While there is tremendous euphoria when tiger numbers go up, not a tear is shed for forests diverted for mining and other development, little is the realisation in the society today that tigers, elephants and other wildlife have very little space to exist. In March this year, the Lok Sabha was apprised that in the financial year of 2020-21 around 31 lakh trees were cut down for the construction and development of public infrastructure projects in India. Whereas, according to the Global Forest Watch 42,800 hectare of primary forest were lost in (2020-21). Further, in the last two decades (2001-21), India lost 376 kilo hectare (kha) of humid primary forest. Today, humans and livestock outweigh wild mammals and birds by ten-fold on earth. In a densely populated country like India, you can now visualise the tussle for space.
While Project Tiger hogs all the attention as the most successful wildlife conservation project in the world, the title rightfully belongs to Project Crocodile, which started two years after Project Tiger in 1975 and boosted the population of gharials, estuarine and mugger crocodiles. Since the 1990s, with the exponential rise in crocodile numbers, the project was wisely put on the back burner. For more crocodiles in the water, beyond a certain carrying capacity, would have certainly led to negative interactions with humans.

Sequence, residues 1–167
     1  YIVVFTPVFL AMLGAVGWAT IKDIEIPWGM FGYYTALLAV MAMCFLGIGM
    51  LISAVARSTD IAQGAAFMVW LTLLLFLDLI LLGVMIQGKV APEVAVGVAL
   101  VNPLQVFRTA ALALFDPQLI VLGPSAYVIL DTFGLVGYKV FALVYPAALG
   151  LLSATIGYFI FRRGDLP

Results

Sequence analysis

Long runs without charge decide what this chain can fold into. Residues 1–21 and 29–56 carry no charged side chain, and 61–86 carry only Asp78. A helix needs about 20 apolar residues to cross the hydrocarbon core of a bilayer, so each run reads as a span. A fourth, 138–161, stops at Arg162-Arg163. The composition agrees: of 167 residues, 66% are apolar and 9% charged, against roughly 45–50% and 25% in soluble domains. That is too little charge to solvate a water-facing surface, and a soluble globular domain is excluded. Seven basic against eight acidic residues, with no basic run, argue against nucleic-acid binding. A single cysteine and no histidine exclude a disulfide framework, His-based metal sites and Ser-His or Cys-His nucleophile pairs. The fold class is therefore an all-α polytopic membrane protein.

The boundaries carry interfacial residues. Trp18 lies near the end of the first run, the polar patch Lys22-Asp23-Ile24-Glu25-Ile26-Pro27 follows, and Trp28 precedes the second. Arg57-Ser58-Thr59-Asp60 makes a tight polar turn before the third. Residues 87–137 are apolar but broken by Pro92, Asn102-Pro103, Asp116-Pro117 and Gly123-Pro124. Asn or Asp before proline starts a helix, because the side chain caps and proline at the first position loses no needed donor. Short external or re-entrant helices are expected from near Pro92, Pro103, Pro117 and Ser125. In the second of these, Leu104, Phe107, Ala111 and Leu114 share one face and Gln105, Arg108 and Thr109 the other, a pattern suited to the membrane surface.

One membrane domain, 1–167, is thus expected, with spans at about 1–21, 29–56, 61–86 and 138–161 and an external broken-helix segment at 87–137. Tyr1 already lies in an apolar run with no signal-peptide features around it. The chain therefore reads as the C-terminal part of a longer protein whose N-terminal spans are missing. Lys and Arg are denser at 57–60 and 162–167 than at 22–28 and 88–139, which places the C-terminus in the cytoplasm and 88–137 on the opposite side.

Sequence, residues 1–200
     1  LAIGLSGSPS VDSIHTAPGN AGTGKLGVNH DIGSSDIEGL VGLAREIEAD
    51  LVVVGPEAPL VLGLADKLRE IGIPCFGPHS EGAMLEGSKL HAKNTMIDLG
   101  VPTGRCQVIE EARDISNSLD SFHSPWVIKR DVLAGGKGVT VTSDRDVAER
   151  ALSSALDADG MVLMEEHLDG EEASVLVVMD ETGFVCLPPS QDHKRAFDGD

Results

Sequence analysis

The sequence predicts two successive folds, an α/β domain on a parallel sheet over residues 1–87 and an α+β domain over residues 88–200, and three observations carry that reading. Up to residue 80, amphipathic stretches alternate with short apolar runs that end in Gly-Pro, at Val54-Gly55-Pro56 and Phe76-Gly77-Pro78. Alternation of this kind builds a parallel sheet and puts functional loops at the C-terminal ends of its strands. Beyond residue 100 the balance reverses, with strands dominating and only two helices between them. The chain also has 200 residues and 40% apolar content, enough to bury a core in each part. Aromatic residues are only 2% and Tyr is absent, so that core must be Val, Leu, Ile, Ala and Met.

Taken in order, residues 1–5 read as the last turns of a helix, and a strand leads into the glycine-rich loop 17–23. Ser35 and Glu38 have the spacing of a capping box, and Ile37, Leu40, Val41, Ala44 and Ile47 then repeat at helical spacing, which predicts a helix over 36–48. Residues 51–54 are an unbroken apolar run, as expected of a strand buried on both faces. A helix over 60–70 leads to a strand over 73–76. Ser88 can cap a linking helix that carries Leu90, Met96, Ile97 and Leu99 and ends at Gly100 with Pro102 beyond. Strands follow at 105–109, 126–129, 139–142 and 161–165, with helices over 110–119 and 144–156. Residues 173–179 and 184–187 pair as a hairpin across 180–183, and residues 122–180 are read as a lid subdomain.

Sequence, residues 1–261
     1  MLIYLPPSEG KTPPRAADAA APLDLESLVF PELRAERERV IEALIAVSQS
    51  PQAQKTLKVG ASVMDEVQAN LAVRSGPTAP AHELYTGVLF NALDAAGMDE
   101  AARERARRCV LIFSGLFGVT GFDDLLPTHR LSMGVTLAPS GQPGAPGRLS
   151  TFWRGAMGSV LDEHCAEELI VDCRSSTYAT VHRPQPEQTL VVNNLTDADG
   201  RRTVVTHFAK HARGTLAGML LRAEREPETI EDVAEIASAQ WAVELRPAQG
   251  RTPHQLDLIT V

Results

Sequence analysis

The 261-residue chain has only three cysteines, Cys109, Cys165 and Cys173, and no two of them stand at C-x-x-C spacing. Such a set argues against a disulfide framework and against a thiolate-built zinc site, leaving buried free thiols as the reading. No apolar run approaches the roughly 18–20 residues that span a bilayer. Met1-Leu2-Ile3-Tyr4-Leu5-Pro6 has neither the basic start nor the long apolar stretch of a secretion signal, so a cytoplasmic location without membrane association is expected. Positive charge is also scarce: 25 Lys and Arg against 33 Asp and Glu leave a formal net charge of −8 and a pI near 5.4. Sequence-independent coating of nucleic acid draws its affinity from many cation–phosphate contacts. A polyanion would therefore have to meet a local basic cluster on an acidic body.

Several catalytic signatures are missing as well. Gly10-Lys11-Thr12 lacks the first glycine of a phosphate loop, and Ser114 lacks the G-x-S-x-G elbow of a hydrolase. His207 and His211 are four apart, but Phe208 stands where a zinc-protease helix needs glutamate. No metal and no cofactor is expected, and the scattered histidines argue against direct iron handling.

As long as wilderness (forest and related natural ecosystems) is perceived as dark, dangerous places or wastelands by the urban populace and policymakers, there is little hope for biodiversity or natural heritage. Our skewed perception that all wildlife belongs to national parks or wildlife sanctuaries is a sad reflection of our knowledge of natural heritage and also reflects the erosion of value systems in society. As if free-ranging tigers, migrating elephants, and the mega-diversity of wildlife will follow our orders and won’t cross the boundaries we set on paper. As more and more wildlands disappear, wildlife will cross paths with humans with greater intensity. And the consequences of these interactions are not particularly happy ones, even if the animal is worshipped as a deity. Least to mention the emergence of zoonotic diseases.
Inviolate spaces for wildlife are necessary in a human-dominated world and national parks or wildlife sanctuaries can only function as nurseries. For new generations of wildlife (like tigers and elephants) to disperse and link up with other populations to carry on nature’s ecological functions we have to concede space.